I have this embarrassing secret, only it’s not particularly secret and I don’t know if I’m embarrassed: sometimes I really like religious fiction. Yes, sometimes it’s cloying, and I’m not into that. But sometimes it’s Amy Le Feuvre being weirdly mystical, or G.K. Chesterton doing whatever the hell he ever thinks he’s doing. And sometimes it’s the kind of thing Grace S. Richmond writes, where religion is about firm ideals and practical good deeds and it’s almost not condescending. I’ve never had a particle of religious belief, but those ideals are compelling, and I don’t need religion to (to a certain extent) share them. Also, you know what else is compelling? Passionate, tortured, hidden self-denial. And The Brown Study is, like, 70% that.

I’ve read so few of Richmond’s books, but they’ve all featured attractive young clergymen, so I’m forced to assume that’s a thing for her. The Brown Study’s variation goes like this: Donald Brown was the minister at a fashionable city church, but he had to take some time off for his health. He moved to a poor area and offers unofficial spiritual support to his neighbors. He realizes that he can do more good there than at his fancy church, and also that his new work makes him a better person, but his old friends all want him to come home, including the girl he loves.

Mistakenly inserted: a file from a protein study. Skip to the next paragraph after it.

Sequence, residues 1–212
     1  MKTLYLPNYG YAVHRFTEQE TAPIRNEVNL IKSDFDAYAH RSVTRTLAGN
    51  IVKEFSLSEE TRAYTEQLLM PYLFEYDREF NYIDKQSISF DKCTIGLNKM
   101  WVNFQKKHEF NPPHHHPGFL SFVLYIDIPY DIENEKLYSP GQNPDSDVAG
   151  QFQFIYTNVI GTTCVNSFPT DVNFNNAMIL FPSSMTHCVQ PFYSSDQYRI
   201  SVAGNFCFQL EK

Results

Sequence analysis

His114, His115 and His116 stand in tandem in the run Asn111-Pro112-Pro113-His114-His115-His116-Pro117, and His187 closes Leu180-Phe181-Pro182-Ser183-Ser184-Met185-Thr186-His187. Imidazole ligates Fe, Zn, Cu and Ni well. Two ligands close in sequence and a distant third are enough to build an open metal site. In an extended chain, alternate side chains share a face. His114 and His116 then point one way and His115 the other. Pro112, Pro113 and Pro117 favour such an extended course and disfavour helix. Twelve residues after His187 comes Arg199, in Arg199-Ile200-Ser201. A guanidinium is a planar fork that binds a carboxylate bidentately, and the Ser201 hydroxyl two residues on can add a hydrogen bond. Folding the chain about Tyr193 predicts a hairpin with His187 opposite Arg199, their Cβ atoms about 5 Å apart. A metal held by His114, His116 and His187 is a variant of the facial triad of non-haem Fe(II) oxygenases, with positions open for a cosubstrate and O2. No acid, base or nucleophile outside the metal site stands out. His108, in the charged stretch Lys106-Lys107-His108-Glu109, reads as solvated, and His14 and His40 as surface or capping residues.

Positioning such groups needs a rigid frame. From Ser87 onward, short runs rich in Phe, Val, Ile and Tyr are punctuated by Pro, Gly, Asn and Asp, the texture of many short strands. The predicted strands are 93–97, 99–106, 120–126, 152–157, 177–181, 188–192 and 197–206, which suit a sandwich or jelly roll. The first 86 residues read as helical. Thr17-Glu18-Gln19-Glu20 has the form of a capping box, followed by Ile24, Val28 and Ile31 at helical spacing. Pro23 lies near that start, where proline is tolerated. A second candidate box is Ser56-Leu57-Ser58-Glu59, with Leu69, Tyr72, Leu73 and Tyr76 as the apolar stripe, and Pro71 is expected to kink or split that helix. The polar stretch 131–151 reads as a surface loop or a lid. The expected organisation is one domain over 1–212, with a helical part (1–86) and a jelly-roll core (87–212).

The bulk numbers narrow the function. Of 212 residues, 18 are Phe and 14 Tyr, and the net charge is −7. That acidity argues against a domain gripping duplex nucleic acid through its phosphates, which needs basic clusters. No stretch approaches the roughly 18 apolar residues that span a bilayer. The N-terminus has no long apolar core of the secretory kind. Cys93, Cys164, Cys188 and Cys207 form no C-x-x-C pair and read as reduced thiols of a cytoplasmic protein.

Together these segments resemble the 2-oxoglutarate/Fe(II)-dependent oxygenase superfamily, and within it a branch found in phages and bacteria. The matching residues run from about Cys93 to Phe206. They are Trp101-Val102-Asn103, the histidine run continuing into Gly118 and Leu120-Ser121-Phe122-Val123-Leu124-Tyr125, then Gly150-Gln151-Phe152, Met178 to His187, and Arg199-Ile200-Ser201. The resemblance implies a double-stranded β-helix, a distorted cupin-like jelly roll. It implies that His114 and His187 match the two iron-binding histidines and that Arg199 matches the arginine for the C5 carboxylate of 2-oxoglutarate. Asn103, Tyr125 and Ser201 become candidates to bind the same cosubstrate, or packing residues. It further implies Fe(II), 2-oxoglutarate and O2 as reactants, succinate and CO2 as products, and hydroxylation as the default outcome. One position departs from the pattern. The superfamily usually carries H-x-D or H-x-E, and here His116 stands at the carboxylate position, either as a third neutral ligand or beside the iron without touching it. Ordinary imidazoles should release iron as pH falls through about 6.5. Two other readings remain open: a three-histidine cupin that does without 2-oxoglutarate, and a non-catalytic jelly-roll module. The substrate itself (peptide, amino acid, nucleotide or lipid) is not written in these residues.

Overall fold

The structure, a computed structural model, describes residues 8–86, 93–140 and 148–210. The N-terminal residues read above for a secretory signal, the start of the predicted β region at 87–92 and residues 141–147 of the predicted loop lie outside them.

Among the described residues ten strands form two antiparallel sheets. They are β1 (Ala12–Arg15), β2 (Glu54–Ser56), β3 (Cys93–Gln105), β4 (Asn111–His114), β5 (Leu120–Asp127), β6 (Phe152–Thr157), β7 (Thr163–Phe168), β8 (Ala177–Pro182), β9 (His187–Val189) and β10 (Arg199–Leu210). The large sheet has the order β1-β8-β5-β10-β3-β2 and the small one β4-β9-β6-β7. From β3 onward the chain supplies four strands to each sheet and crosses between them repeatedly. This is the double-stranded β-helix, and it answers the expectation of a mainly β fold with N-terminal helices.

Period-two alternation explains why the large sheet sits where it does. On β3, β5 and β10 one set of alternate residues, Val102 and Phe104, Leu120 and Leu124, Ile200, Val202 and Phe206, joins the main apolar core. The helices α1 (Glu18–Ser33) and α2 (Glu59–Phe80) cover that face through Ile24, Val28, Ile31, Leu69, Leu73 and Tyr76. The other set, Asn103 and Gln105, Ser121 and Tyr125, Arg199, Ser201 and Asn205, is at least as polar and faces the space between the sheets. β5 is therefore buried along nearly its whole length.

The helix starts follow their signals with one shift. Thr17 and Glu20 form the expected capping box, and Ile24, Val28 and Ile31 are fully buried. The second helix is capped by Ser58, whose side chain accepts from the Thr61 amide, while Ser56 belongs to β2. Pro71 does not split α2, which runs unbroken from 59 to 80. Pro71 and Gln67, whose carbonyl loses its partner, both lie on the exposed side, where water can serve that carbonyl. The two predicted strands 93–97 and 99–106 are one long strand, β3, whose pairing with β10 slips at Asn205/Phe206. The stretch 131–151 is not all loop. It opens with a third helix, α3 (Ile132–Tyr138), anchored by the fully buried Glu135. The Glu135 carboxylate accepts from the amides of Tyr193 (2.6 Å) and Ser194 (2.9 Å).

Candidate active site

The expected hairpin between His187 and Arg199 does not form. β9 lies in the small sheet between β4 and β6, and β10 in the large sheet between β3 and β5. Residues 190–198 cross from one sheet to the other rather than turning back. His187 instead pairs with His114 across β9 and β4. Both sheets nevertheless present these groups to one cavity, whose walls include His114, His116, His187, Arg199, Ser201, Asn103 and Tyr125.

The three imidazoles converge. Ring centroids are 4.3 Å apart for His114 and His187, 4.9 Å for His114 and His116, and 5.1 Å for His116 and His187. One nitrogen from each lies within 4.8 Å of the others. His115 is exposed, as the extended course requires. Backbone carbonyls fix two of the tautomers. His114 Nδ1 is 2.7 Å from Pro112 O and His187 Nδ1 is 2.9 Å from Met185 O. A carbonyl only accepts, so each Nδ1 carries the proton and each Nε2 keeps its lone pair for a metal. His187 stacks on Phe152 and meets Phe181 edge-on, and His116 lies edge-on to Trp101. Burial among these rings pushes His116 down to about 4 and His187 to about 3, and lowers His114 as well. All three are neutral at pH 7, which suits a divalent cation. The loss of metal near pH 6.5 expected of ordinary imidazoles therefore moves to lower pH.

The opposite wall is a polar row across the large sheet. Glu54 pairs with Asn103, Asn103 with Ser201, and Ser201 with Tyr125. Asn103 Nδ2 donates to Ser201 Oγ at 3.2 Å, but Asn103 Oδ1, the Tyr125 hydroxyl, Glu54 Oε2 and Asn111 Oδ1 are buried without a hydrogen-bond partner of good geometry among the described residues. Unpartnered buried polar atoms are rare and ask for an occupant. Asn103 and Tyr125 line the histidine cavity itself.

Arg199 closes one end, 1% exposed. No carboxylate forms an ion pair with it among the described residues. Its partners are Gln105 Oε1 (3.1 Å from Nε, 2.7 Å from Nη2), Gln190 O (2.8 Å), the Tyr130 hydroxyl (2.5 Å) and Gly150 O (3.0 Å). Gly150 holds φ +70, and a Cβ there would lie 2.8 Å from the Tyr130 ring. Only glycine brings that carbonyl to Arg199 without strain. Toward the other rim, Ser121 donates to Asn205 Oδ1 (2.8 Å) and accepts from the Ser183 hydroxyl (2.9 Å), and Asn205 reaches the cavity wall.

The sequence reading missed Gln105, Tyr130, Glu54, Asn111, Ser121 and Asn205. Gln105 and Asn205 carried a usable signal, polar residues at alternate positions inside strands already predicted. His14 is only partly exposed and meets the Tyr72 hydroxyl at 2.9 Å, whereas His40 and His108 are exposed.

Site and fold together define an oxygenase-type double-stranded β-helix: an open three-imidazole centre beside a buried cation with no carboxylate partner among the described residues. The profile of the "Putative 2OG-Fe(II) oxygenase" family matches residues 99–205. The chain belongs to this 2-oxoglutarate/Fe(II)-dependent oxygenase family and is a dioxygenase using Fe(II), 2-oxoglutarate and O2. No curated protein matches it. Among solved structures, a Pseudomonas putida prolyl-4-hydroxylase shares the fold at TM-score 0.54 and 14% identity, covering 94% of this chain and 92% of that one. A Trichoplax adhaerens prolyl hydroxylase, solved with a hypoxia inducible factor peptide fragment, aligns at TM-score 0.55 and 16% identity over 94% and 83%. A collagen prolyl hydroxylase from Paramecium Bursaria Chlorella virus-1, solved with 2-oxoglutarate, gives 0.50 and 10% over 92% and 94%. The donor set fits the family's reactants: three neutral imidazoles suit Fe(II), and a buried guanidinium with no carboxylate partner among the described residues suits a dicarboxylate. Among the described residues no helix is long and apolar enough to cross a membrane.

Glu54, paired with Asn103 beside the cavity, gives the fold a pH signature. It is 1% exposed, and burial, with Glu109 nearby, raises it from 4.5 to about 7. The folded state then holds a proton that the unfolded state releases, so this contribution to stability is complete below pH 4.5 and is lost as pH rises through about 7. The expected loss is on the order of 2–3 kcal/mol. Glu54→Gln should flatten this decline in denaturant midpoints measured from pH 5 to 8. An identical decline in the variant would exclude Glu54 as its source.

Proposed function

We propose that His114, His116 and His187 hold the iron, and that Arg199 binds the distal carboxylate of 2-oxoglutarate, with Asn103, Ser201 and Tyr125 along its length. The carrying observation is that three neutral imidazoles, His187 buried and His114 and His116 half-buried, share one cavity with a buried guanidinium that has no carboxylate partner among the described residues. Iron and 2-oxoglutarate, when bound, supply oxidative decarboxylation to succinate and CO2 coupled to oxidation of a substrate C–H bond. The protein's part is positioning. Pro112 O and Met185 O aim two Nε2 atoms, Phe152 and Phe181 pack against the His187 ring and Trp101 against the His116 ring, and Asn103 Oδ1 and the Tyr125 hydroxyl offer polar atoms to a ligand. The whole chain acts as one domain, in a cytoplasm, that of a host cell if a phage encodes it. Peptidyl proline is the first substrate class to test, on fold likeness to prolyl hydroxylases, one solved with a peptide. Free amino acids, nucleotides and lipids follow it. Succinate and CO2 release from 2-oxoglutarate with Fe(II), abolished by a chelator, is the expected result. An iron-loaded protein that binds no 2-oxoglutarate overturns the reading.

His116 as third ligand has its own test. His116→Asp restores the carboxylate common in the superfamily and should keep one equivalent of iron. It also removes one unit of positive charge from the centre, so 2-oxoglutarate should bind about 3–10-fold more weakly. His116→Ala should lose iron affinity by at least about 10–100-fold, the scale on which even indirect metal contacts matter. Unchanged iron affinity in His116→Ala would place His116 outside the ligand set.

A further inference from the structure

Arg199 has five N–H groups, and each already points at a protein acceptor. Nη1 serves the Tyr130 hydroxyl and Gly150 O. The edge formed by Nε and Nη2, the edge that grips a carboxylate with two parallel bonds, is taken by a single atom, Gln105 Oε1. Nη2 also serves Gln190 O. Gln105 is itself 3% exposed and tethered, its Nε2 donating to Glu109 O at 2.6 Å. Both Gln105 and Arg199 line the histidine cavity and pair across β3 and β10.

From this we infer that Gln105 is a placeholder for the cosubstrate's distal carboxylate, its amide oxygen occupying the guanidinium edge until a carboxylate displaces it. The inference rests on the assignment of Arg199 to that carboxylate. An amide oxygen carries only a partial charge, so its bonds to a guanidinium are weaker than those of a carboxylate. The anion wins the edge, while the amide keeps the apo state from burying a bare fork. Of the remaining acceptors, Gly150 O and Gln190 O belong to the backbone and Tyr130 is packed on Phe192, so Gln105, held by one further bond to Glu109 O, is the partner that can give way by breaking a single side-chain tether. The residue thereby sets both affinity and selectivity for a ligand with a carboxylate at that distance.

It’s all spiritual pining and being nice to the neighbors, and I enjoyed it thoroughly–although I might regret the nice plates and carpets and things Brown has to leave behind almost as much as he does.

There’s a second, unrelated story to fill out the book. In it, young Julius Broughton schemes to get his sister Dorothy and his engineer friend Kirke Waldron to meet. Once they’ve done that, though, they don’t need his help–they’re perfectly capable of carrying their romance through as straightforwardly as possible.